Toxic Trade News / 23 February 2010
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RI congratulated for rejecting e-waste from US
by ANTARA News
23 February 2010 (Nusa Dua, Bali) – The Basel Action Network has praised Indonesia for turning down nine containers of e-waste (electronic waste) from the United States last November 2009.

"Last night, I congratulated the Indonesian environmental affairs minister for the Indonesian authorities` diligent action," Jim Puckett, coordinator of Basel Action Network (BAN), said here on Monday.

Old computer monitors in the nine containers are considered hazardous e-waste for containing lead, he said when speaking to journalists attending a United Nations Environment Program (UNEP) Workshop on "Reporting Green - Environment as News".

He said e-waste was a problem which could poison the people. Some children working in electronic companies have lead in their blood which later could damage their brain. A similar problems could be found in China, India and Nigeria, he said.

The e-waste coming from Massachusetts was about to enter Semarang, Central Java, last November. But, thanks to a tip-off from BAN, the Indonesian authorities managed to foil the smuggling attempt.

In accordance with Indonesia`s law, hazardous import was banned, while for the US, which has not yet ratified the Basel Convention, the export was legal, he said.

Besides the US, Afghanistan and Haiti are yet to ratify the Basel Convention.

An attempt was made to dump used computer monitors in Indonesia because it was cheaper to export than recycle them, he said.

The sale of electronic products in countries like China and India and across continents such as Africa and Latin America are set to rise sharply in the next 10 years, according to UN experts in a landmark report released by UNEP in Nusa Dua, Monday (Feb. 22).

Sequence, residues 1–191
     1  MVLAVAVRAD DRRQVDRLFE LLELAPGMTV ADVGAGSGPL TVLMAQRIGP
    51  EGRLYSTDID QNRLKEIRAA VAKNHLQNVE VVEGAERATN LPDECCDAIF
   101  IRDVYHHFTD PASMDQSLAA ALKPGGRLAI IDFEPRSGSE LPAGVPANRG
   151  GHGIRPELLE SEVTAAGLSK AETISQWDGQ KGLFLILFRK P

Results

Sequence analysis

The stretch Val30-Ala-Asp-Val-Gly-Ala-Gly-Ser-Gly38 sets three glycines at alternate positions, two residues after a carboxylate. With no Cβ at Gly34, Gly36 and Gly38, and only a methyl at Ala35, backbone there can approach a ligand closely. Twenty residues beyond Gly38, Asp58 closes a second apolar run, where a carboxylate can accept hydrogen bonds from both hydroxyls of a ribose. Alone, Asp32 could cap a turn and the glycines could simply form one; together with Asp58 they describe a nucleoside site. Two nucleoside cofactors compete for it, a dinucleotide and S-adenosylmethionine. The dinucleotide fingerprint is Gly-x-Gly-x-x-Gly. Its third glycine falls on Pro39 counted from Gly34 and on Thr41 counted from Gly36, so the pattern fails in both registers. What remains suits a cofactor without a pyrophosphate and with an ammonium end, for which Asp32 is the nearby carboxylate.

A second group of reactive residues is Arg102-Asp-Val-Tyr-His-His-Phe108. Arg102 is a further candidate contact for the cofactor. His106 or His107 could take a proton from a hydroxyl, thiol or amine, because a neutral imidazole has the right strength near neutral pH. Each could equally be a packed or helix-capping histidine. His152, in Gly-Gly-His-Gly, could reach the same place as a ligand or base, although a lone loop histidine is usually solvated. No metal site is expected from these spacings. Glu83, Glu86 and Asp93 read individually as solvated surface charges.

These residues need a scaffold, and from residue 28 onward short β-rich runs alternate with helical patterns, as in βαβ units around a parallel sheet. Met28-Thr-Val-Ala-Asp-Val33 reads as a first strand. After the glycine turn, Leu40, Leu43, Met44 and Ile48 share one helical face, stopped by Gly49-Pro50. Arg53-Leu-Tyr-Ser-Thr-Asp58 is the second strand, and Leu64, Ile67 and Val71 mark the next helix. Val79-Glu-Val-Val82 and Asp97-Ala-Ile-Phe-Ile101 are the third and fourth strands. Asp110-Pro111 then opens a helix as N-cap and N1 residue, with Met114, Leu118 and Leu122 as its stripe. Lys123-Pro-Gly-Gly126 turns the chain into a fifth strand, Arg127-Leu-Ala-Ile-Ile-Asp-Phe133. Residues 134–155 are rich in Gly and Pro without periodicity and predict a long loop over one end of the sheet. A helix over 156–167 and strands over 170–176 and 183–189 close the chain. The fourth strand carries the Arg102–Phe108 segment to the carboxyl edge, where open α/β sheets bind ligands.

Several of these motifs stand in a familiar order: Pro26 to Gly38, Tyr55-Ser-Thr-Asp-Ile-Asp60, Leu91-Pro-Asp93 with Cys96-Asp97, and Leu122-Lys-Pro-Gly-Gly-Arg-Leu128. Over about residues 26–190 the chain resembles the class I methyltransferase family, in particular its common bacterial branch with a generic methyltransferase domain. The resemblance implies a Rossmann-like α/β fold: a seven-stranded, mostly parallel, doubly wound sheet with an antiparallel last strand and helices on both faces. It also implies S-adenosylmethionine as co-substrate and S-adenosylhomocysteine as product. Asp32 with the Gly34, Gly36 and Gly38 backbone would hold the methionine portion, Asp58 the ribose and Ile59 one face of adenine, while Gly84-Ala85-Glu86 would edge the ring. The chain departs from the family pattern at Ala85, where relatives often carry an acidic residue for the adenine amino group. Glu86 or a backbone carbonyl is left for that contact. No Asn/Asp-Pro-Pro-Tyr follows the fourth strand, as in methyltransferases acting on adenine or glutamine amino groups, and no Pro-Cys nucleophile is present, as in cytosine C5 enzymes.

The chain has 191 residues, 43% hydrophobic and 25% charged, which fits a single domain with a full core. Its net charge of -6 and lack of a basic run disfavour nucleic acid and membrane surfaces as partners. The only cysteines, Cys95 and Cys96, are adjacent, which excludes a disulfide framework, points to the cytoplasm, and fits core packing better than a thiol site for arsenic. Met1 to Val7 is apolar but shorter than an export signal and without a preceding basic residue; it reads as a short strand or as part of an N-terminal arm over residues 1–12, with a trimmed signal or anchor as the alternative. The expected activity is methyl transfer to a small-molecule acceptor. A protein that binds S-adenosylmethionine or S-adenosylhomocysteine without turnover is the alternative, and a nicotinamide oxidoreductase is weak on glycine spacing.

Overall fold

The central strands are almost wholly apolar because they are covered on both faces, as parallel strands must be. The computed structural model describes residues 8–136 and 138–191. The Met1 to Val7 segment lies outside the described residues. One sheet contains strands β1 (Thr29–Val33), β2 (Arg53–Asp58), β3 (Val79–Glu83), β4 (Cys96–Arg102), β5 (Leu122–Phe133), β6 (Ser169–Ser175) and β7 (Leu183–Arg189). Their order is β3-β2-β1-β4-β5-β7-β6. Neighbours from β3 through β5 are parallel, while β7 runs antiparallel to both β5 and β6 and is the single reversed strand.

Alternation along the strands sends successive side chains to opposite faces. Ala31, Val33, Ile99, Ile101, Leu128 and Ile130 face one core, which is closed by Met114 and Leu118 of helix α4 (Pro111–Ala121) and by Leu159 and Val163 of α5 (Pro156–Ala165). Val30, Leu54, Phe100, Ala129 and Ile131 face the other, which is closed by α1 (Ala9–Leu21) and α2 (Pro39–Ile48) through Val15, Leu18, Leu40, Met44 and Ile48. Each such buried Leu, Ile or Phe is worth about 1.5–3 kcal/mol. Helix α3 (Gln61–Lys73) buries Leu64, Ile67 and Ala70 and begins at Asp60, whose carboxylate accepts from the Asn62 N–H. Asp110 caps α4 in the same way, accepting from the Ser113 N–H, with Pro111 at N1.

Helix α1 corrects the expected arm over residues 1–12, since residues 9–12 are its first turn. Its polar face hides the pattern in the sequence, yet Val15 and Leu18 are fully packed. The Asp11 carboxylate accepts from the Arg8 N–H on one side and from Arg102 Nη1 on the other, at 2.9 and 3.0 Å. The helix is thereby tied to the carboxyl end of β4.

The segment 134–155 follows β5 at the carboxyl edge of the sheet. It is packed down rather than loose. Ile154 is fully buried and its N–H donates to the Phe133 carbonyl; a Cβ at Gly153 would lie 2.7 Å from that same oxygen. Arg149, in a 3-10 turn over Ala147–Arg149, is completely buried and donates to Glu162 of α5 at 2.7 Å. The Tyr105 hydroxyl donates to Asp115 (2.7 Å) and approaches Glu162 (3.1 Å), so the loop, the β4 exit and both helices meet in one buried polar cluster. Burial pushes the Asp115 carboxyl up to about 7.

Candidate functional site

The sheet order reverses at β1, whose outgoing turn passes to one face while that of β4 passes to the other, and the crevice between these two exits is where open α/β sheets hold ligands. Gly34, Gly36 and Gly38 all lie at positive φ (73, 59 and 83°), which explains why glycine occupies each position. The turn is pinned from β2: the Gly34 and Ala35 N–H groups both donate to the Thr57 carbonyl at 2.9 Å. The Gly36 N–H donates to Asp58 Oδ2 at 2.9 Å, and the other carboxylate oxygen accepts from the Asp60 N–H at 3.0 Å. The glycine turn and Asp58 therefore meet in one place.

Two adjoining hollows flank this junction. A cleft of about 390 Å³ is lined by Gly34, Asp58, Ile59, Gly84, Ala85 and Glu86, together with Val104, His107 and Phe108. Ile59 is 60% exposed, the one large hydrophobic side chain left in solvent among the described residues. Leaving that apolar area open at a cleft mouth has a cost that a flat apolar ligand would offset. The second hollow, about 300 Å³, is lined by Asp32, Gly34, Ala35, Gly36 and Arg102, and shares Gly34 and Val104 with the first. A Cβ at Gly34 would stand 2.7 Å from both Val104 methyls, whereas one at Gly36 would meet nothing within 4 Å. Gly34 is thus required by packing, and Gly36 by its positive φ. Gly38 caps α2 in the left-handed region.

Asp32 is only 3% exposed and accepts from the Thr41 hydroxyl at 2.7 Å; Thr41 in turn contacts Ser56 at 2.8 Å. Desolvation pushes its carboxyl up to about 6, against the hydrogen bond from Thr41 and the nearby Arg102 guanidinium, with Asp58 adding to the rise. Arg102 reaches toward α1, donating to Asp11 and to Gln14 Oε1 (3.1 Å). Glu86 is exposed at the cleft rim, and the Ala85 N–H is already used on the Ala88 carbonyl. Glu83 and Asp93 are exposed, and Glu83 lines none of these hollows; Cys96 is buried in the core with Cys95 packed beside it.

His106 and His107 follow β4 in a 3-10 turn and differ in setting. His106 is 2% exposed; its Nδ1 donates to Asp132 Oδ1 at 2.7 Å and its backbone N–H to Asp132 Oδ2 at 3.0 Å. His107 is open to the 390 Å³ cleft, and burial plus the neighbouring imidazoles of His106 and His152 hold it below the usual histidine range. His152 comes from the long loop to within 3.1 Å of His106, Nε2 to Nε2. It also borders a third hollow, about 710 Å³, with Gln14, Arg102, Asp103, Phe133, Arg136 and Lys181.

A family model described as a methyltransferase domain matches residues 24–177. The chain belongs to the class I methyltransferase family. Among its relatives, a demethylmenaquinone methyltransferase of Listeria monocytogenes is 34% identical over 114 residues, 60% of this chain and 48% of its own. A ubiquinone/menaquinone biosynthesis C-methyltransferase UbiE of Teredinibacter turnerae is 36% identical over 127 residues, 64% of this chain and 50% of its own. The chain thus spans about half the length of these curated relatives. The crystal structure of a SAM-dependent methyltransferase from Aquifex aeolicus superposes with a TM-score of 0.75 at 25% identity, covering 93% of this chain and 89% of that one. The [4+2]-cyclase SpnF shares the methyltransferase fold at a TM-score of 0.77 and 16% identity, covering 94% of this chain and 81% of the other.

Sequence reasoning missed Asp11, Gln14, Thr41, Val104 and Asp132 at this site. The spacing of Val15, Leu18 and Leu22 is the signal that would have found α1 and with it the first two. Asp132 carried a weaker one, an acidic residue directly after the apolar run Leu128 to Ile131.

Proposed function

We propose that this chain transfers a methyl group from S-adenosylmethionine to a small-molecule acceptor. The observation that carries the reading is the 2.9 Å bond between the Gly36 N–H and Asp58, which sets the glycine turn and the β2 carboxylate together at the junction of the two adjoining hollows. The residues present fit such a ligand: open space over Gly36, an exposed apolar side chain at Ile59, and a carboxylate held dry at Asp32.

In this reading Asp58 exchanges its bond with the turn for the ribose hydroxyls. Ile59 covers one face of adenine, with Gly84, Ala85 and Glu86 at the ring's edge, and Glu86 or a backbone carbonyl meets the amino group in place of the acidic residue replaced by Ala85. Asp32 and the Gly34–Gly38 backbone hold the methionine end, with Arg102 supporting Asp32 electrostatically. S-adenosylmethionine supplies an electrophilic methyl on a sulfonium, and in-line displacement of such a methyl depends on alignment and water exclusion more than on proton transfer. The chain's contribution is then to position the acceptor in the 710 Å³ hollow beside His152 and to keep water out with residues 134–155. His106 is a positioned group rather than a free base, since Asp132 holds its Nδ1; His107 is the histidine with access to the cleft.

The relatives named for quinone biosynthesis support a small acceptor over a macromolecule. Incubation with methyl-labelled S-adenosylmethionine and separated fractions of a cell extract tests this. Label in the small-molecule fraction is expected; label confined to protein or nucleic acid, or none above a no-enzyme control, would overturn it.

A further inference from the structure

"And, unless action is stepped up to properly collect and recycle materials, many developing countries face the spectre of hazardous e-waste mountains with serious consequences for the environment and public health," according to the report.

Issued at a meeting of Basel Convention and other world chemical authorities prior to UNEP`s Governing Council meeting in Bali, the report "Recycling - from E-Waste to Resources" , used data from 11 representative developing countries to estimate current and future e-waste generation - which includes old and dilapidated desk and laptop computers, printers, mobile phones, pagers, digital photo and music devices, refrigerators, toys and televisions.

Nairobi-based UNEP is organizing "The Reporting Green Workshop" and "The Simaltaneous Extraordinary Meetings of the Conference of the Parties (COPs) to the Basel, Rotterdam and Stockholm Conventions", in Nusa Dua, from Feb. 22 to 26.

And on Feb. 24-26, UNEP will hold the 11th Special Session of the Governing Council/Global Ministerial Environment Forum, which is expected to be officially opened by President Susilo Bambang Yudhoyono and attended by around 100 environment ministers from various countries.

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